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Title: A new application of demineralised bone as a tendon graft
Author: Elnikety, S.
ISNI:       0000 0004 5372 3958
Awarding Body: UCL (University College London)
Current Institution: University College London (University of London)
Date of Award: 2015
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Tendon injuries present a challenging situation for orthopaedic surgeons. In severe injuries, a tendon transfer or a tendon graft is usually used. The aim is to find a biocompatible substance with mechanical and structural properties that replicate those of normal tendon. Because of its structural and mechanical properties, we propose that Demineralised Cortical Bone (DCB) can be used in the repair of tendon and ligament, as well as for the regeneration of the enthesis. I hypothesise that DCB grafted in a tendon environment will result in remodelling of the DCB into tendon and produce a fibrocartilaginous enthesis. DCB was prepared according to a modified Urist technique and the effect of gamma irradiation and/or freeze-drying on the tensile strength of the DCB was examined. In the second part of the study, four models of repair of a patellar tendon defect were examined for their strength to failure in order to identify a suitable technique for an in vivo animal model. In the final part of the study, a preclinical animal study was performed using DCB as a tendon graft to treat defect in sheep patellar tendon. Animals were allowed to mobilise immediately post-operatively and were sacrificed after 12 weeks. Force plate analyses, X-ray Radiographs, pQCT scans and histological analyses were performed. My results show that DCB remodelled into a ligament-like structure with evidence of neo-enthesis. No evidence of ossification; instead, DCB retrieved was cellularised and vascularised with evidence of crimp and integration into the patellar tendon. My results prove that DCB can be used as a biological tendon graft; this new application of demineralised bone has the potential for solving one of the most challenging injuries. Combined with the correct surgical techniques, early mobilization can be achieved, which results in the remodelling of the DCB into a normal tendon structure.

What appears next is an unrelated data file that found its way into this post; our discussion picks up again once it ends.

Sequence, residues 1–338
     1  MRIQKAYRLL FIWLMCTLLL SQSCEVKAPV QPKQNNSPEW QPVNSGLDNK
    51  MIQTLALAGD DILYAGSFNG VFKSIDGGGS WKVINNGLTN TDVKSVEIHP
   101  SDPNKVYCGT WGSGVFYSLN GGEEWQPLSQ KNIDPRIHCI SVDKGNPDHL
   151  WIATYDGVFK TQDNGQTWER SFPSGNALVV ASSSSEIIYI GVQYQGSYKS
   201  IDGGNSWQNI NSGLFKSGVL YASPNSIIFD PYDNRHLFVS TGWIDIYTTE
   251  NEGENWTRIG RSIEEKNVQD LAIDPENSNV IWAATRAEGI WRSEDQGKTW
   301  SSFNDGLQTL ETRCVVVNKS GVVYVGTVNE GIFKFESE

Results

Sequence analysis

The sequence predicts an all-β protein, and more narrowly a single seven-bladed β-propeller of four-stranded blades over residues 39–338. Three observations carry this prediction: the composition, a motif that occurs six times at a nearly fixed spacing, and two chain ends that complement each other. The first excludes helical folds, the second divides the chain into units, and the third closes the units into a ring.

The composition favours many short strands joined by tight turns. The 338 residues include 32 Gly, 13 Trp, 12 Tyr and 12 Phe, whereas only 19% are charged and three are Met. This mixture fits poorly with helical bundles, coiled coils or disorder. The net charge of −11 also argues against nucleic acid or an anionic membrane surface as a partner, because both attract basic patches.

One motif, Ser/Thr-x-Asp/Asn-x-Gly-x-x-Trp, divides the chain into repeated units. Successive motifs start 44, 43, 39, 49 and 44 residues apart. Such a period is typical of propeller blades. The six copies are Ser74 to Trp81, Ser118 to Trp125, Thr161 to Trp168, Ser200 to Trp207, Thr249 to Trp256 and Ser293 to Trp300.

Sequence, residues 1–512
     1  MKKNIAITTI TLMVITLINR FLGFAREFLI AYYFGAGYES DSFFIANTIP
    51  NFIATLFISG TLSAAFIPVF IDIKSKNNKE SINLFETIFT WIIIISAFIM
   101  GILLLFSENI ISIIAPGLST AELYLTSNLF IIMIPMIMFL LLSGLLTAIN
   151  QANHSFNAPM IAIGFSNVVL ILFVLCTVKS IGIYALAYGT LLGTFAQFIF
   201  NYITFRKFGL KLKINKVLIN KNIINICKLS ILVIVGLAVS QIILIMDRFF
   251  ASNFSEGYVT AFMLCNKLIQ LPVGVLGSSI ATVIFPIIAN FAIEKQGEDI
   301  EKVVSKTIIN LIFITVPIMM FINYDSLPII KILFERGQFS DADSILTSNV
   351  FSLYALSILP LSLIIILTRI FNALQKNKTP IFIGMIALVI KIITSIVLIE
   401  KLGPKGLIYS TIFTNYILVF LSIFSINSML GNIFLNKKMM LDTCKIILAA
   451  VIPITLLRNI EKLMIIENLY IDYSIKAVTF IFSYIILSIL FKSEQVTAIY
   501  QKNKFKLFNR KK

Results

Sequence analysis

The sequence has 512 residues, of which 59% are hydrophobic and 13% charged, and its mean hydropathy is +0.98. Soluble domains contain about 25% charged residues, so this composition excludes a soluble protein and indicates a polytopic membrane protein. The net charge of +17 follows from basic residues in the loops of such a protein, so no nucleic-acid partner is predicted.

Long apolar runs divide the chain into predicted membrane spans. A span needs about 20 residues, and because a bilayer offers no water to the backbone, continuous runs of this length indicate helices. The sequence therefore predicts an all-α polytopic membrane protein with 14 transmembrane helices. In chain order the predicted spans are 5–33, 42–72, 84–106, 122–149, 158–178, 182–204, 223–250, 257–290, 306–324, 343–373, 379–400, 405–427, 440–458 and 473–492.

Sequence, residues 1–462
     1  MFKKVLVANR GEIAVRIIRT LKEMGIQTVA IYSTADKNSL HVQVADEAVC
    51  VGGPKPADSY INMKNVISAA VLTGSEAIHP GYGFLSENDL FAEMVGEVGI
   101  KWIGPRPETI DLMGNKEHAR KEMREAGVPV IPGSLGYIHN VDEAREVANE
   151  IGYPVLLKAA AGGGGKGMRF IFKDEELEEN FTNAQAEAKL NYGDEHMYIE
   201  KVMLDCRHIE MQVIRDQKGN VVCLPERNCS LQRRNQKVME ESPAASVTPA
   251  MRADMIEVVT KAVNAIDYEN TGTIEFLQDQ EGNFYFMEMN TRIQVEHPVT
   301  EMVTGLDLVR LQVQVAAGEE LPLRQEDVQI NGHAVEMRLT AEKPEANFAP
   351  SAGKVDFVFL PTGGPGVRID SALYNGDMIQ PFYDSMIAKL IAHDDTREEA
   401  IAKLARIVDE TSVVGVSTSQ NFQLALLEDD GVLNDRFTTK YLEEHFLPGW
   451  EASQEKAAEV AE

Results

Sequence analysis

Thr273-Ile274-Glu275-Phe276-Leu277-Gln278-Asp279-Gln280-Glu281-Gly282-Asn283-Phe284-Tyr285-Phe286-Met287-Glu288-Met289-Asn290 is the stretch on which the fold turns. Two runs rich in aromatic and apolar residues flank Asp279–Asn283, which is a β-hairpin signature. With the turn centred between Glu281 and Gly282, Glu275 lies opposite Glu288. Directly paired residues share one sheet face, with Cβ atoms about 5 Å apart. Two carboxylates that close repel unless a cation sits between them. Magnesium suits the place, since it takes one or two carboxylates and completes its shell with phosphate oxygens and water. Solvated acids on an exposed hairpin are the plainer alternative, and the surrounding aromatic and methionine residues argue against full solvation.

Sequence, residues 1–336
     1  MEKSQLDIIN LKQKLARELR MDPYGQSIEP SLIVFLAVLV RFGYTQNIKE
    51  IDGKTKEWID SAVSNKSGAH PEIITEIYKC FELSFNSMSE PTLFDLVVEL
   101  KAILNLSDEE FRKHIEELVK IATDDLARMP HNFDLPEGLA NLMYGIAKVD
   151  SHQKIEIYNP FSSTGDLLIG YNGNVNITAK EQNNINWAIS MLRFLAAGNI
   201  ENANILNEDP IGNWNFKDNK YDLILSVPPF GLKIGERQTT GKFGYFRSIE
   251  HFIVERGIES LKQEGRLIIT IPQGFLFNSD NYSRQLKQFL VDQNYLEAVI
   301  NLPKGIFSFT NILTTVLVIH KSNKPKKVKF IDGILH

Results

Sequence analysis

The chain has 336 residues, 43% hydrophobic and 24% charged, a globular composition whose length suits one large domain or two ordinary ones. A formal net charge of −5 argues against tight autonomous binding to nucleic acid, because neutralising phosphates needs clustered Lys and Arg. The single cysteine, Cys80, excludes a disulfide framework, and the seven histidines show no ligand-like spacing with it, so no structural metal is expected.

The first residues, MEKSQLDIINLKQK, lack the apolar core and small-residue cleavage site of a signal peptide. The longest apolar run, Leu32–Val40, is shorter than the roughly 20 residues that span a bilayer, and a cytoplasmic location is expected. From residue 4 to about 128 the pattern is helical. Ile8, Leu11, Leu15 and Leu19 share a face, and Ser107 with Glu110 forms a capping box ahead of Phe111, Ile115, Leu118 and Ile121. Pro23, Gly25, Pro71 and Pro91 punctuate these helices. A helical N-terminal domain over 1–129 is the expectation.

Supervisor: Not available Sponsor: Not available
Qualification Name: Thesis (Ph.D.) Qualification Level: Doctoral
EThOS ID:  DOI: Not available